If you bring common sense you should be fine.
Illegal casa particulares
Illegal casa particulares are all over Cuba. But what is it, and how to find it? Basically there are two types of casas. The one with the blue anchor logo and the orange one. The blue one holds a license to have foreigners which pay in CUC. Their houses are typically much nicer and well maintained. Often there is a sign outside with the name of the casa and a "Rent room" writing in English. You can book them in advance. And then there is the other casa which can (officially) only have Cubans, which will pay in CUP. Their sign will only say "Hospedaje". Sometimes it includes "24h" and you pay by length in hours of your stay. (You can imagine what this is good for) Usually between 5 to 10 CUC. These rooms sometimes aren't as nice as the official casas though but still alright. Often there is a restaurant attached where you can get food for CUP and there is even lobster on the menu (which is generally only allowed for foreigners and available only in hotels). They may refuse you but often they don't care. Especially if there is no official casa in town. I doubt you can book them in advance since they have no contact details online.
Another type is the home of someone. Ask around in the streets (Bernhard did that usually at those little corner shops where they sell juice and pizza) if they know a casa particular or any other hospedaje available for the night. Sometimes you need to ask a few people but sooner or later there will someone approaching you and tell you to follow them. They bring you to some house where either someone else is living or the person himself. Prices are at around 20 CUC including food. It is save to do since they bring themselves in danger when this comes out since they have no license to offer a room. So if they steal stuff you would go to the police and this would mean the home owner is in bad trouble and could loose his house. Or at least this is what i kept telling myself when following people into small side streets. Do keep your voice down though and don't talk to anybody where you are staying. Speaking Spanish is almost a must and maybe get yourself a Cuban haircut.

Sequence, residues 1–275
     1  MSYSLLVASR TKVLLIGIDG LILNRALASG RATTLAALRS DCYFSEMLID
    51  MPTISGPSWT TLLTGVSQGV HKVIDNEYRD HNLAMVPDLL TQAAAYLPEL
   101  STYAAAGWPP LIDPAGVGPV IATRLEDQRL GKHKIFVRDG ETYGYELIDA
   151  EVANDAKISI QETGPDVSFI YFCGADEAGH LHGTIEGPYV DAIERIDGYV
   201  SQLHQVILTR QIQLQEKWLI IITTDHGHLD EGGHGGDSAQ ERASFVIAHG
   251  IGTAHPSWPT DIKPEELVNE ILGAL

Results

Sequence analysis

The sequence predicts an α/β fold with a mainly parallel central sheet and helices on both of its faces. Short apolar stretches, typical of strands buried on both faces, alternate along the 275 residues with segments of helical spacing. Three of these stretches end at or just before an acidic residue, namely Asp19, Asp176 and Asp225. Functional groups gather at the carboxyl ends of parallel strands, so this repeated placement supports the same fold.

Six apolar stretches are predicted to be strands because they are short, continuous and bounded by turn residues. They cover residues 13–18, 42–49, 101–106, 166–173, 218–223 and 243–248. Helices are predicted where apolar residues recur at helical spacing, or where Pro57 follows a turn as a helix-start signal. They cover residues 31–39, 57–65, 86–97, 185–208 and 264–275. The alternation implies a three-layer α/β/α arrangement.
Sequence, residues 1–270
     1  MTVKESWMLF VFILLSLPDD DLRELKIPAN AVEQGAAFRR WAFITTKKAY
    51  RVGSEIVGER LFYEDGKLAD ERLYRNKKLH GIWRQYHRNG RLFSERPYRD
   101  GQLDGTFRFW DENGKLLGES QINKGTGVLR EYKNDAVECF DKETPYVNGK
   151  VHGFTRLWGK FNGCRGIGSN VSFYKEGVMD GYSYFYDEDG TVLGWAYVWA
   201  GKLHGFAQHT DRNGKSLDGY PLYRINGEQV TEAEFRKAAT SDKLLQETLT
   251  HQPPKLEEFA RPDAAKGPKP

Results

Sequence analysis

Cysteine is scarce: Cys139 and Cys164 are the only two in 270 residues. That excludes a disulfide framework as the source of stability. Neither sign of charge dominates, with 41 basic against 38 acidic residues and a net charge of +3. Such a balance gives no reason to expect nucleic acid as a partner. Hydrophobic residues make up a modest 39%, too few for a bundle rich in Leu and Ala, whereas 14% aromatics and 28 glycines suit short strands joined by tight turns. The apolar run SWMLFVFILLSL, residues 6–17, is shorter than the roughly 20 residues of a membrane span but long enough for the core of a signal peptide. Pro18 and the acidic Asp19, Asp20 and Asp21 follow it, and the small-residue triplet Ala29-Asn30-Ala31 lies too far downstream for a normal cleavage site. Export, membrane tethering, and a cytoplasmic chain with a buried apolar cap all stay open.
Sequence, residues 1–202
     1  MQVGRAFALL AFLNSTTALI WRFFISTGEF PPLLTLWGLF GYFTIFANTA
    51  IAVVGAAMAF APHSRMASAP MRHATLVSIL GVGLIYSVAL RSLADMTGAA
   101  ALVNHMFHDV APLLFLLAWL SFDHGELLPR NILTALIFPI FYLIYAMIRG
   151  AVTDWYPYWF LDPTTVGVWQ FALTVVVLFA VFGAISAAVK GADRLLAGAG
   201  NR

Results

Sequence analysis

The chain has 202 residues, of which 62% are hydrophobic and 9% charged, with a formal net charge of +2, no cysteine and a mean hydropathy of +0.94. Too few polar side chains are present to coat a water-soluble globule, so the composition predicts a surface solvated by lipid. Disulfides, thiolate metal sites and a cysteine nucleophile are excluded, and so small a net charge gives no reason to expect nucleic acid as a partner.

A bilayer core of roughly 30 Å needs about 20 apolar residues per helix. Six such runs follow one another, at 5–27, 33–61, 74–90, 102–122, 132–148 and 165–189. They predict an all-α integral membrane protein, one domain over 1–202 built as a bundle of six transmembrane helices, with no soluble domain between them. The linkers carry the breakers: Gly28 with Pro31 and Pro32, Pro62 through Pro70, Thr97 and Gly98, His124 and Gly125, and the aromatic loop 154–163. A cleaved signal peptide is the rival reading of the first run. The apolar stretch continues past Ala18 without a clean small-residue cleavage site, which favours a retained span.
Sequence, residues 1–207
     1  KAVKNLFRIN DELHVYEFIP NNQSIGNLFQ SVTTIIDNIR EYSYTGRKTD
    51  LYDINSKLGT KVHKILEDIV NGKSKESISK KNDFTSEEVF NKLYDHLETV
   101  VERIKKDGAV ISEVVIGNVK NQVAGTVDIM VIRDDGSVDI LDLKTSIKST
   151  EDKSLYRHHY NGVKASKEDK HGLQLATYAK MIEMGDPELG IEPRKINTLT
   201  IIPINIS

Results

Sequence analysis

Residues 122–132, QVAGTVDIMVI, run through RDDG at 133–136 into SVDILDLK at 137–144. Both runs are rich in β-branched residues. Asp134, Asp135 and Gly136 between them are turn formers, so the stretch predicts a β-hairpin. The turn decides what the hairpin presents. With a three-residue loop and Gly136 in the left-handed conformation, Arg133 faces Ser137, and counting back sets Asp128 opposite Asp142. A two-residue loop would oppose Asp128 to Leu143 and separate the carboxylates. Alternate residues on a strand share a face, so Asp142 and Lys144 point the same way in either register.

Those are the guys in parks called who can sell you anything, organize you anything and do whatever they need to do to rip you off. However, those are also the guys who can make the most impossible happen. They know the city and where to get whatsoever. This might be useful for the one or the other. Bernhard used one to organise him a bicycle in order to cycle around the country. This was surprisingly difficult to find and the knowledge of a jinatero was well appreciated.
Be aware though that the Jineteros main goal isn't your wellbeing but rather that you pay him.
- Hitchhiking My Way Around Cuba: Cubans are required to pick up hitchhikers, August 31, 2006
- Hitch a Boat from Cuba to Mexico: Fabzgy's experience in 2008.
- Waiting On A Deserted Road For Whatever Comes Next